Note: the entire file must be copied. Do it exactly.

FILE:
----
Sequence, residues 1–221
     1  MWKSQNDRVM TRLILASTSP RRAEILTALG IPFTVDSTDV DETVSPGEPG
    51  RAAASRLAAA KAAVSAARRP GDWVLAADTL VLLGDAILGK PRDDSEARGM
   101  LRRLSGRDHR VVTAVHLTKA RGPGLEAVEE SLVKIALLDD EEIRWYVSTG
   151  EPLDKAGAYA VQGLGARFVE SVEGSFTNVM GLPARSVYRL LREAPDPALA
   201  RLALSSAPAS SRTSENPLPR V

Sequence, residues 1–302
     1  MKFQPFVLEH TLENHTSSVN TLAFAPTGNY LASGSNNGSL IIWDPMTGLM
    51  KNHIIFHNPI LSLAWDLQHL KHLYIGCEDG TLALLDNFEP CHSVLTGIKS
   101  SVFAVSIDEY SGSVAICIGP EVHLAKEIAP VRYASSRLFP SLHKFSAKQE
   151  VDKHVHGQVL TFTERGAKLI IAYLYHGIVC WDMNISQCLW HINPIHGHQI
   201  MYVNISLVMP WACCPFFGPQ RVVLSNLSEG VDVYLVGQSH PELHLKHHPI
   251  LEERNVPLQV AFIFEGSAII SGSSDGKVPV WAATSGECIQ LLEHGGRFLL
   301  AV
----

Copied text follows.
Sequence, residues 1–221
     1  MWKSQNDRVM TRLILASTSP RRAEILTALG IPFTVDSTDV DETVSPGEPG
    51  RAAASRLAAA KAAVSAARRP GDWVLAADTL VLLGDAILGK PRDDSEARGM
   101  LRRLSGRDHR VVTAVHLTKA RGPGLEAVEE SLVKIALLDD EEIRWYVSTG
   151  EPLDKAGAYA VQGLGARFVE SVEGSFTNVM GLPARSVYRL LREAPDPALA
   201  RLALSSAPAS SRTSENPLPR V

Sequence, residues 1–302
     1  MKFQPFVLEH TLENHTSSVN TLAFAPTGNY LASGSNNGSL IIWDPMTGLM
    51  KNHIIFHNPI LSLAWDLQHL KHLYIGCEDG TLALLDNFEP CHSVLTGIKS
   101  SVFAVSIDEY SGSVAICIGP EVHLAKEIAP VRYASSRLFP SLHKFSAKQE
   151  VDKHVHGQVL TFTERGAKLI IAYLYHGIVC WDMNISQCLW HINPIHGHQI
   201  MYVNISLVMP WACCPFFGPQ RVVLSNLSEG VDVYLVGQSH PELHLKHHPI
   251  LEERNVPLQV AFIFEGSAII SGSSDGKVPV WAATSGECIQ LLEHGGRFLL
   301  AV